Taylor’s checkerspot butterfly is rare in Canada

Aldergrove zoo breeds rare butterfly

Endangered butterflies are hatching at Langley’s zoo.

A butterfly once thought to be extinct in Canada is making a comeback, with 88 hatched this spring at the Greater Vancouver Zoo in Aldergrove.

Taylor’s checkerspot butterfly was thought to be gone from Canada, and endangered throughout North America.

A population was found on Denman Island in 2005.

Wildlife Preservation Canada and the B.C. Ministry of the Environment established a breeding program, first with just 18 eggs collected on Denman Island.

The successful program saw almost 300 caterpillars and more than 50 adult butterflies released into the wild in 2015.

Based on this success, the team wanted to scale up the breeding operation to accelerate the species’ recovery. “The volunteers did a heroic job getting it started,” said Randal Heide, executive director of Wildlife Preservation Canada, “but they were also overwhelmed at times. Everyone agreed that to do it right over the long term, we needed a bigger facility and more access to professional staff. We came up with several possible alternatives, but our first call was to the [Greater Vancouver] Zoo, which is already partnering with us in two other endangered species breeding programs. And they didn’t hesitate to say yes.”

“We are always looking for worthwhile projects that we can contribute our services and facility to support the conservation efforts and to create awareness for endangered species,” said Jody Henderson, marketing and communication manager for the zoo.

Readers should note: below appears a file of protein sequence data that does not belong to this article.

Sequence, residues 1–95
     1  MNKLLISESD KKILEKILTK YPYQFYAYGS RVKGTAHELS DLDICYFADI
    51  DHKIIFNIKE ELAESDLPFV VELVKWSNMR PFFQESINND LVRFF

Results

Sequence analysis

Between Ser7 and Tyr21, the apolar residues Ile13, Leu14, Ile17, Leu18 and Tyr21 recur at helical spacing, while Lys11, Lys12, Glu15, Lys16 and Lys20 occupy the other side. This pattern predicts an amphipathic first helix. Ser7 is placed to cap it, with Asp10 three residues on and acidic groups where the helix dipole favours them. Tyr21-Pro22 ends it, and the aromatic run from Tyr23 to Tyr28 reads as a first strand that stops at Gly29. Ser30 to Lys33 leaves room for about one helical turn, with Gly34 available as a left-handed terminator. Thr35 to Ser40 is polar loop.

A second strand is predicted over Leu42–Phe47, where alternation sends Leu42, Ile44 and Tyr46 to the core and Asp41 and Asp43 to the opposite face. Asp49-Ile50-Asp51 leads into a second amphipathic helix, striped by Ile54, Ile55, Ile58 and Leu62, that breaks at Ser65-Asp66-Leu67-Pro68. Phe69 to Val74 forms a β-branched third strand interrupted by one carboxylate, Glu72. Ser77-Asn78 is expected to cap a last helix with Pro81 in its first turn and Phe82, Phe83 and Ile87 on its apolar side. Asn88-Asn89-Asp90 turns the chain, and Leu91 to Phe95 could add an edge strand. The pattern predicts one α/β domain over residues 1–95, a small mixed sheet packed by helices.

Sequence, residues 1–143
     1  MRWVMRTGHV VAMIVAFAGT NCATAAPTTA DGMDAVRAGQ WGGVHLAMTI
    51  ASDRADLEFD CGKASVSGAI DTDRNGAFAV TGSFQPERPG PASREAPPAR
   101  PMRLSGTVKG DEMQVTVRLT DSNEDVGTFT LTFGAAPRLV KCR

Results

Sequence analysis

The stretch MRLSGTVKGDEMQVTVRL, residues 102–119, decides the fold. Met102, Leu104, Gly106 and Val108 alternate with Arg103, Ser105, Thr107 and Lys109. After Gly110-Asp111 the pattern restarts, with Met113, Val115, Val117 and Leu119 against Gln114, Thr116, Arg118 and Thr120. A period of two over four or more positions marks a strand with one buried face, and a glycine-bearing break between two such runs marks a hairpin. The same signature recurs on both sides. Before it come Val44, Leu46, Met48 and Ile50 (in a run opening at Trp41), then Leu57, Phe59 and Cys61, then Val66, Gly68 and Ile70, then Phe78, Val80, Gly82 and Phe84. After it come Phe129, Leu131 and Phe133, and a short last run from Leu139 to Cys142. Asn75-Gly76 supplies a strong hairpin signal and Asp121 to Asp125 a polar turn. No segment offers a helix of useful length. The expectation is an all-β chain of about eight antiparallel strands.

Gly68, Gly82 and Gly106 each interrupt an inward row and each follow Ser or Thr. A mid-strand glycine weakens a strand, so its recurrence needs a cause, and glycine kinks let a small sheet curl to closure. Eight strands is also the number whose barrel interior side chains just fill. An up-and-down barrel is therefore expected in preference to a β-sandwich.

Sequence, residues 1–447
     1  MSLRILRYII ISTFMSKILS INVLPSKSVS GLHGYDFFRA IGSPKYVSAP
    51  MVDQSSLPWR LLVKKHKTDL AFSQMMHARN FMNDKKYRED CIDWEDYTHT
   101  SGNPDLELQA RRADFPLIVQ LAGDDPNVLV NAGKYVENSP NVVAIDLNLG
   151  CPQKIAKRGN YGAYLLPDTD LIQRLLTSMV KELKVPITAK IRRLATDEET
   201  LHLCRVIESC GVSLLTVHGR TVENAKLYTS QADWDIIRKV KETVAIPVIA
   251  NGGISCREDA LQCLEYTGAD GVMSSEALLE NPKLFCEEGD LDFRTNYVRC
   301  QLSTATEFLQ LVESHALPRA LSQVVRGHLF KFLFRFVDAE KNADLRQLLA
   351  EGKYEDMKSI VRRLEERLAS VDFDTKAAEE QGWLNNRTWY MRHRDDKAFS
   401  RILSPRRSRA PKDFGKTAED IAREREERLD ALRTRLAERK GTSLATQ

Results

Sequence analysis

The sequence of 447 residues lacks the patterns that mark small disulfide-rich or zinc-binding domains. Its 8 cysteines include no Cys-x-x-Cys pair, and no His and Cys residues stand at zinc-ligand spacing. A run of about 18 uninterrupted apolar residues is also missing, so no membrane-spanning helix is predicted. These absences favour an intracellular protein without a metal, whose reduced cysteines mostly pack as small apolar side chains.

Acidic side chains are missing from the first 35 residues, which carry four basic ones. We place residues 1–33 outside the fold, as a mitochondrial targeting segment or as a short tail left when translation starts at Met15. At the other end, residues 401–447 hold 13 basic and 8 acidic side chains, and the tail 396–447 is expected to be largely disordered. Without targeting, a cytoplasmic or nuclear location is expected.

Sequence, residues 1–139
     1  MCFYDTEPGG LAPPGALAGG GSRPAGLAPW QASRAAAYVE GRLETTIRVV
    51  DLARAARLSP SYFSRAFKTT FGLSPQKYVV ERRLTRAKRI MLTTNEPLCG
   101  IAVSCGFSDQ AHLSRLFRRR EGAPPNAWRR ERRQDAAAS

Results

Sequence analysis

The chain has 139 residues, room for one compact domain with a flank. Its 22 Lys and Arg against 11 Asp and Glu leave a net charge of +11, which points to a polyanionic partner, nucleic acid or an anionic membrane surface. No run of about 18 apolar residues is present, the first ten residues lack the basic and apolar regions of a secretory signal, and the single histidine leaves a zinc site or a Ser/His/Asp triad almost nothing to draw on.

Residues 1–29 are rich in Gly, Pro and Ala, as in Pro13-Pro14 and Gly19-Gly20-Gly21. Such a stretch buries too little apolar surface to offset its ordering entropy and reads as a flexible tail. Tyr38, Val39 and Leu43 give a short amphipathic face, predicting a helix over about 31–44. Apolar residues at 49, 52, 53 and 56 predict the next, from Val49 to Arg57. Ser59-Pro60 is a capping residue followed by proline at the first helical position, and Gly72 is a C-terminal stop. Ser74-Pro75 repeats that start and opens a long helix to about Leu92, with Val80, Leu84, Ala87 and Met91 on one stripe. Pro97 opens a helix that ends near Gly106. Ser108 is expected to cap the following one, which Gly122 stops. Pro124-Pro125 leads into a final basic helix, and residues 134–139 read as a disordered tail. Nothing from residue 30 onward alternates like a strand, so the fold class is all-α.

Earlier this spring, almost 1,300 caterpillars, a fourfold increase over 2015, were released into the carefully enhanced butterfly habitat on Denman Island. Meanwhile, another 100 or so were moved to the zoo to serve as the next generation of breeders. The 88 adults which emerged will enjoy a naturally brief but happy existence, sipping on nectar while doing what adult butterflies are meant to do in specially-designed, predator-proof “love shacks” on the zoo grounds. The result will be several hundreds of eggs to restart the cycle.

“Raising butterflies is more complex than you might think,” said Menita Prasad, animal care manager at the zoo, “It’s as much an exercise in gardening as it is animal husbandry. In many species, the preferred nectar sources for adults are different from the host plants for the caterpillars. So you need access to a safe, fresh supply of different kinds of plants – and lots of them. You’d be amazed how much those tiny caterpillars can eat.”

Each day at 2 p.m. visitors to the zoo will have an opportunity at the Conservation Chat to learn a little bit about the Taylor’s checkerspot butterfly and to see some stage of their life cycle.

 

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